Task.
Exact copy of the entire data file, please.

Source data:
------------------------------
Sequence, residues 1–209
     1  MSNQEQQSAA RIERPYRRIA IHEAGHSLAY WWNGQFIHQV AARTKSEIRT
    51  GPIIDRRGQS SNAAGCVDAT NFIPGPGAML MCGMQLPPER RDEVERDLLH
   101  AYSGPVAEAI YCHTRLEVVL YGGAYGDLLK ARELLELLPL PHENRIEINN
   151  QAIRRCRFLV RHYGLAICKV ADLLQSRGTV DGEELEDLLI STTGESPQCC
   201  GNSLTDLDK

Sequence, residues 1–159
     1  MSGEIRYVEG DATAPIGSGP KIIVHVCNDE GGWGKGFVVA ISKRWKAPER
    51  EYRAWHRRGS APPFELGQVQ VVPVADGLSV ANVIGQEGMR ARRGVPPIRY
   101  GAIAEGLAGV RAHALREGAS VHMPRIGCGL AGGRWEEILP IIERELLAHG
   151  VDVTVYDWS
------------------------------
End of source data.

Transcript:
Sequence, residues 1–209
     1  MSNQEQQSAA RIERPYRRIA IHEAGHSLAY WWNGQFIHQV AARTKSEIRT
    51  GPIIDRRGQS SNAAGCVDAT NFIPGPGAML MCGMQLPPER RDEVERDLLH
   101  AYSGPVAEAI YCHTRLEVVL YGGAYGDLLK ARELLELLPL PHENRIEINN
   151  QAIRRCRFLV RHYGLAICKV ADLLQSRGTV DGEELEDLLI STTGESPQCC
   201  GNSLTDLDK

Sequence, residues 1–159
     1  MSGEIRYVEG DATAPIGSGP KIIVHVCNDE GGWGKGFVVA ISKRWKAPER
    51  EYRAWHRRGS APPFELGQVQ VVPVADGLSV ANVIGQEGMR ARRGVPPIRY
   101  GAIAEGLAGV RAHALREGAS VHMPRIGCGL AGGRWEEILP IIERELLAHG
   151  VDVTVYDWS